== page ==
19 May 2022

Me & You with Jennifer Griffiths: 'Baby Blues' . . . a few tears or despair

Me & You with Jennifer Griffiths: 'Baby Blues'… a few tears or despair

A little while ago, I wrote a few articles about being pregnant, looking forward and planning for baby and the little worries you may have had too.

Many think that once baby is here those worries stop, well sorry to say, as you new mums (and mums with older children, too) now know they don’t. My mum makes me laugh as she says I still worry about you.

But going back to, just having had your baby, some mums will experience the 'Baby Blues.' This term is used to describe the general feeling of ‘being low.’

These feelings can range from a ‘little’ or ‘just a few’ and include feeling emotional, irrational or overwhelmed, tearful (without knowing why) maybe irritable and moody or just down and anxious.

It can affect up to 80% of new mums within the first few weeks of having baby and is thought to link to the impact of giving birth, the drop in hormones that are no longer released in your body, the sudden realisation that baby is your responsibility and it is scary, or maybe you love your little one so much its simply overwhelming.

Whatever the reason, 'Baby Blues' do happen to lots of new mums and may last a few days or up to a couple of weeks.

Talking to your family, friends, having as much rest as you can all helps and, of course, being aware that 'Baby Blues' happen to many, many women it’s not just you!

However, unfortunately it is so sad to write that for some mums 'Baby Blues' are worse, going back to the theme of worries and linking this to the 'Baby Blues' there’s a difference between little worries that you can talk through, rationalise in your head, to worries that are simply too much.

This is post-natal depression and at its worse postpartum psychosis. There is a difference and it’s so important to recognise the signs, in yourself, in family and friends who have just had a baby, to not ‘hide the subject’ to recognise how debilitating, exhausting and even dangerous they can be, post natal depression can last for months and have a major impact on bonding and attachment, and postpartum psychosis lead to the need for medication, help in a mother and baby unit.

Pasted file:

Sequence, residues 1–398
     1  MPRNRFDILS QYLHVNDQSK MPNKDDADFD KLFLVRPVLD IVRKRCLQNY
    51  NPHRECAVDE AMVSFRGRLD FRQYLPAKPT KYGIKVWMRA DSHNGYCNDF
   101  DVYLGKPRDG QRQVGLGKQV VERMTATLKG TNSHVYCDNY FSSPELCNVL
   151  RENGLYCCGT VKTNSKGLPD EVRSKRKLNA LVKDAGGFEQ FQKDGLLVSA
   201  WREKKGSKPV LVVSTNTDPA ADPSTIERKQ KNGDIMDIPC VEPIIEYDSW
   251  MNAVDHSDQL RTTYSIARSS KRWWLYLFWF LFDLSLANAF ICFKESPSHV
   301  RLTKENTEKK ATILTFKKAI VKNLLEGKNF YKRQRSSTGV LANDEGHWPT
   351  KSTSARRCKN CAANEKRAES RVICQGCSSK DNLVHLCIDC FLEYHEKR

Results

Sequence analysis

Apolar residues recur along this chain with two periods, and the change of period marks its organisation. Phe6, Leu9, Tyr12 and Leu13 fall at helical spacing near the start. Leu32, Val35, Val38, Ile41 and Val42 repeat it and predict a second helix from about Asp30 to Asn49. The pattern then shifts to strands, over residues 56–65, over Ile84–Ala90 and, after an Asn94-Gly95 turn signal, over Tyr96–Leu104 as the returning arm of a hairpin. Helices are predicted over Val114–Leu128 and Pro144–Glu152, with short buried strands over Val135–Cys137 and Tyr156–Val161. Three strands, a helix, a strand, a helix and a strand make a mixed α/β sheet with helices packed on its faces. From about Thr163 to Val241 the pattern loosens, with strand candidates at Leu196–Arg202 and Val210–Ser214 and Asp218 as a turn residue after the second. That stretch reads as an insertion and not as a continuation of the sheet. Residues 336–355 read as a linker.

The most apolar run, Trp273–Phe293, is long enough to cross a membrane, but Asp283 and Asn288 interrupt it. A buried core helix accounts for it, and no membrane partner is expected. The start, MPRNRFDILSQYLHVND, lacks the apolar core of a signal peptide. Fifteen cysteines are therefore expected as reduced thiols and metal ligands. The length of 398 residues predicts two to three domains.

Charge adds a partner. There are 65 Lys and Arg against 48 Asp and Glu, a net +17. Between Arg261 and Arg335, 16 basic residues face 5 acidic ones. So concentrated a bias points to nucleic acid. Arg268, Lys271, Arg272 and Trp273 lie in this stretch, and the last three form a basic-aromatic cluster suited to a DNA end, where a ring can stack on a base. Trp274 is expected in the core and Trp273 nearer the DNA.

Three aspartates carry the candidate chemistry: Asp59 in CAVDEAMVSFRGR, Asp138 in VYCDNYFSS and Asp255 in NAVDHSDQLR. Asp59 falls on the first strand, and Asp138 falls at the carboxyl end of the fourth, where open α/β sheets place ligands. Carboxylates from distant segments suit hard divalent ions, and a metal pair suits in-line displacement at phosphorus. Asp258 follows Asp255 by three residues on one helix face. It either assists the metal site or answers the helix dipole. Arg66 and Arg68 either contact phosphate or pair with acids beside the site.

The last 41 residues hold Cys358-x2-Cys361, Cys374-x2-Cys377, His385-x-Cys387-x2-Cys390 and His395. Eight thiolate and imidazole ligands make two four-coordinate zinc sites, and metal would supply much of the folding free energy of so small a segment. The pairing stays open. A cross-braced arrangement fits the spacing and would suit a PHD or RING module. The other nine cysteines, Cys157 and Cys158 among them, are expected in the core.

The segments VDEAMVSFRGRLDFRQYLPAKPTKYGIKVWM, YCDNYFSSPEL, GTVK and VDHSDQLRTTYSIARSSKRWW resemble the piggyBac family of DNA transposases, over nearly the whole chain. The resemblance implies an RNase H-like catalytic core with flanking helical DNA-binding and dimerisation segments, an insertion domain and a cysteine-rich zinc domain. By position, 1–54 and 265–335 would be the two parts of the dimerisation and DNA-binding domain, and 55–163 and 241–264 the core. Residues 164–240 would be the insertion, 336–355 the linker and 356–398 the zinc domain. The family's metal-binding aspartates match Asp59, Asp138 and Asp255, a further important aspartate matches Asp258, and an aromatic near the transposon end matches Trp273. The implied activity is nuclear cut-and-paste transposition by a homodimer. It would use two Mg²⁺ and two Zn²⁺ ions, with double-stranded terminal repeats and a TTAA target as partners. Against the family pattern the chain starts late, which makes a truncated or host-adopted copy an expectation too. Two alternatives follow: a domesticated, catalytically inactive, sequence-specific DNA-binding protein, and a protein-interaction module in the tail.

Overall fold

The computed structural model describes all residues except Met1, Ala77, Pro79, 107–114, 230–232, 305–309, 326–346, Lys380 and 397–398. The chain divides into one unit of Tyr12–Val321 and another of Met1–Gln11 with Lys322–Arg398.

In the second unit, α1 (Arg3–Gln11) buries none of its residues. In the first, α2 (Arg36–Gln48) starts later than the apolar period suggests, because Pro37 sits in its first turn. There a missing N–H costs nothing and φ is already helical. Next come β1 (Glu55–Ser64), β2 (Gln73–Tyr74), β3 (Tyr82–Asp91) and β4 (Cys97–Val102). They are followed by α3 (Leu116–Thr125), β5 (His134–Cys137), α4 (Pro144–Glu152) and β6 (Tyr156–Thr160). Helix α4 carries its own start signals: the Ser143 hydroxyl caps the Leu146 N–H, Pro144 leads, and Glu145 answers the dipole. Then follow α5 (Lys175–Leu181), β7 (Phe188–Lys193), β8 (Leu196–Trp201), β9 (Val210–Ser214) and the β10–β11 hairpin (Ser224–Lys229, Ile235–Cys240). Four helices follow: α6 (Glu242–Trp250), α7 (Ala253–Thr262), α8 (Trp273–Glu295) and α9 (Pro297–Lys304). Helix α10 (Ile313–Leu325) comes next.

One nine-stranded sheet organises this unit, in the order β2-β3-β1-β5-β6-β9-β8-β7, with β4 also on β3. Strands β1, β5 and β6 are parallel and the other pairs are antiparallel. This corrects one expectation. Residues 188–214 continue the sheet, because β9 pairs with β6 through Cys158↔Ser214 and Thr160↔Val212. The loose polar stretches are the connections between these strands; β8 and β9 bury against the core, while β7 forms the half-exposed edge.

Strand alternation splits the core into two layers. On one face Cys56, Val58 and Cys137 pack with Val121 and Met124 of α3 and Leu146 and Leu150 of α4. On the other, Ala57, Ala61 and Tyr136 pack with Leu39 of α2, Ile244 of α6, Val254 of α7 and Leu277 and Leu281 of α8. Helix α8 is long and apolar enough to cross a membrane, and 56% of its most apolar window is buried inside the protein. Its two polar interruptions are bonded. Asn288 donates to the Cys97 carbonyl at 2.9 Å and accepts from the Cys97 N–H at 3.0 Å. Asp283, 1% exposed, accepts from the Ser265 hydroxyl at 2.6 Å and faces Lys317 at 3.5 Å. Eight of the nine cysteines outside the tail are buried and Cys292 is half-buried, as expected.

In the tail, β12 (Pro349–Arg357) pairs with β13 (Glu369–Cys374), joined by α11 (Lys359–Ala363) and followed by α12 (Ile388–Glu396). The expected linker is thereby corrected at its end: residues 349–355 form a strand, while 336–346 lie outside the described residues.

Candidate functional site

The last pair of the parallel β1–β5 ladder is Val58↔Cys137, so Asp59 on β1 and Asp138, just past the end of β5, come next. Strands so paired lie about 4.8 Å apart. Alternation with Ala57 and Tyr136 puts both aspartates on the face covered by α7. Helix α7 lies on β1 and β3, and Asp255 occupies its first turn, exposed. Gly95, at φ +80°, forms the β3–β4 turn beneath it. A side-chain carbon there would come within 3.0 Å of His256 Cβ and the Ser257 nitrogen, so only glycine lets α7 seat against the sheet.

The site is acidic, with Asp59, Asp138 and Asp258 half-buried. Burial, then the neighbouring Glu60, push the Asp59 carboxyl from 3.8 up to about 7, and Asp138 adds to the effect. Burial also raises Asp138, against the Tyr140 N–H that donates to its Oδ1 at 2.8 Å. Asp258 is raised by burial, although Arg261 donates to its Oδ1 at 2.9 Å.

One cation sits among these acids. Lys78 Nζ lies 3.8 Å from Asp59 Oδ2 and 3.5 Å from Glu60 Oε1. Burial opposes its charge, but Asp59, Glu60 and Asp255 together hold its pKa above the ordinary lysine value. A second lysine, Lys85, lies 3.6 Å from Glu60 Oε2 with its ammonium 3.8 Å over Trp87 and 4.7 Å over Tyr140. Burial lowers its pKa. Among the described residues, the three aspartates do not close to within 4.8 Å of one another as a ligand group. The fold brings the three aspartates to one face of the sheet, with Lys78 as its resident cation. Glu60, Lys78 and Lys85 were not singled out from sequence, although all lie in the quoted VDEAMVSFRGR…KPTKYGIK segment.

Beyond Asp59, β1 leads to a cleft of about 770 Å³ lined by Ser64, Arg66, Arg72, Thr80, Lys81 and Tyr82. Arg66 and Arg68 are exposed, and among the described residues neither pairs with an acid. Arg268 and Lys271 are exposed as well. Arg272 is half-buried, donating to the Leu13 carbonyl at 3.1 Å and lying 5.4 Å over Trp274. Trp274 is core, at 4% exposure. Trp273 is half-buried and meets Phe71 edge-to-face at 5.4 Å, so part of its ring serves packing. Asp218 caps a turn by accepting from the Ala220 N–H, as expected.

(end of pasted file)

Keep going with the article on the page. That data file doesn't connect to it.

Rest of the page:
These are scary, frightening things to consider, but consider we must to ensure that mums suffering can ask for help, get the help they so desperately need but whose condition is making it impossible for them to say, please help me. I can’t write everything here but I can write a quick note of the signs to look out for and suggest you do a little reading and research of your own.

Please do remember that there are many ‘pregnancy and baby professionals’ who have extensive knowledge of these too, they will be happy to talk (either to mum or to you who are so concerned about her) share thoughts, give advice, signpost to agencies that can help, from your midwife, to your health visitor, to the Sure Start lady who leads your breast feeding group just as examples. 

Postnatal Depression Signs & Symptoms

Feeling down and teary, inability to concentrate, low sex drive, feeling worthless, inability to feel happiness, sleep problems, anger, finding it difficult to leave the house, overeating, problems bonding with baby.

Postpartum Psychosis Signs & Symptoms

Delusions (possibly about the baby) – having thoughts or beliefs that are unlikely to be true, and that other people don’t share. Hallucinations – sensing smells, visions or voices that don’t exist outside the mind.

Mania – talking quickly, disorganised thinking, restlessness, confusion, appearing ‘high.’ Loss of inhibitions. Behaving out of character – more talkative, active, suspicious, fearful, giggly or sociable than usual.

Depression – low mood, tearful, trouble sleeping. Severe mood swings.

A few voices from women who have experienced these conditions…

“After four months of trying to cope I realised I needed to speak to someone when I found myself sitting on my bedroom floor looking at my beautiful girl asleep in her cot and I thought to myself, 'she would be better off without me.'

"It seemed completely rational until a few days later I said this out loud to my mum. She just said, 'darling, I don't think you are very well.'

"It was simple in the end: after months of terrible emotional pain, I just needed my mum to acknowledge that I was poorly, that I had lost myself completely in a tidal wave of anxiety and guilt, afraid that somehow I was hurting my baby by not being perfect.”

“Shortly after her birth, I began seeing things and hearing things that weren’t really there.”

“I said to Simon: ‘I can’t do this, I can’t look after her.’

"I didn’t care anymore. I just didn’t want to live any more really.

"It’s meant to be the most exciting time of your life having a baby and I didn’t feel it. It wasn’t even about bonding with her, I just didn’t want to exist anymore.“

So, please, if you are a friend or family member of a new mum watch out, and if you are this mum, or even a ‘not so new mum’ who just hasn’t been right since having baby, ask for help, speak up, say, help me, if you can’t speak, could you just pass a friend a note - just write ‘help me.’

Personally, to you mums who are struggling, I don’t know how you feel, but I feel so sad that you feel this way and I know from my re- search that others do know how you feel, that you can get help and things CAN and WILL get better. Be strong, take this step, you CAN and WILL get better - this will pass - lots of love and get well wishes xxx

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